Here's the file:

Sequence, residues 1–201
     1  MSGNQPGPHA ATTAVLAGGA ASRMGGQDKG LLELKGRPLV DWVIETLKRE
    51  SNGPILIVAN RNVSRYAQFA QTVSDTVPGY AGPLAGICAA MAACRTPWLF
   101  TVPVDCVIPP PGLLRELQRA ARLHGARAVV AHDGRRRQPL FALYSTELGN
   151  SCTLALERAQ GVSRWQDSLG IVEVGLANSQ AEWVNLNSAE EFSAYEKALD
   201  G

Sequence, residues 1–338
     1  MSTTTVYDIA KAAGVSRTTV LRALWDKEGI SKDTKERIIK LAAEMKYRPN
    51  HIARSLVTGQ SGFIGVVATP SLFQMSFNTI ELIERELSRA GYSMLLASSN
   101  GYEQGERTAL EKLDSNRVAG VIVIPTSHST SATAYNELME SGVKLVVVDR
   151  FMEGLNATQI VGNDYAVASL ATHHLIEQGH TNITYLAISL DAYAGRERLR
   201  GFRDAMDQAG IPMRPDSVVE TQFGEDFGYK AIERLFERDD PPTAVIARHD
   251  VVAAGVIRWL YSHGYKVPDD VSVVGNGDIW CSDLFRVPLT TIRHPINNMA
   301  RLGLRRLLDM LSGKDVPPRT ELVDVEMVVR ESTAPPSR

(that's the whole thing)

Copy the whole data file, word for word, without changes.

Sequence, residues 1–201
     1  MSGNQPGPHA ATTAVLAGGA ASRMGGQDKG LLELKGRPLV DWVIETLKRE
    51  SNGPILIVAN RNVSRYAQFA QTVSDTVPGY AGPLAGICAA MAACRTPWLF
   101  TVPVDCVIPP PGLLRELQRA ARLHGARAVV AHDGRRRQPL FALYSTELGN
   151  SCTLALERAQ GVSRWQDSLG IVEVGLANSQ AEWVNLNSAE EFSAYEKALD
   201  G

Sequence, residues 1–338
     1  MSTTTVYDIA KAAGVSRTTV LRALWDKEGI SKDTKERIIK LAAEMKYRPN
    51  HIARSLVTGQ SGFIGVVATP SLFQMSFNTI ELIERELSRA GYSMLLASSN
   101  GYEQGERTAL EKLDSNRVAG VIVIPTSHST SATAYNELME SGVKLVVVDR
   151  FMEGLNATQI VGNDYAVASL ATHHLIEQGH TNITYLAISL DAYAGRERLR
   201  GFRDAMDQAG IPMRPDSVVE TQFGEDFGYK AIERLFERDD PPTAVIARHD
   251  VVAAGVIRWL YSHGYKVPDD VSVVGNGDIW CSDLFRVPLT TIRHPINNMA
   301  RLGLRRLLDM LSGKDVPPRT ELVDVEMVVR ESTAPPSR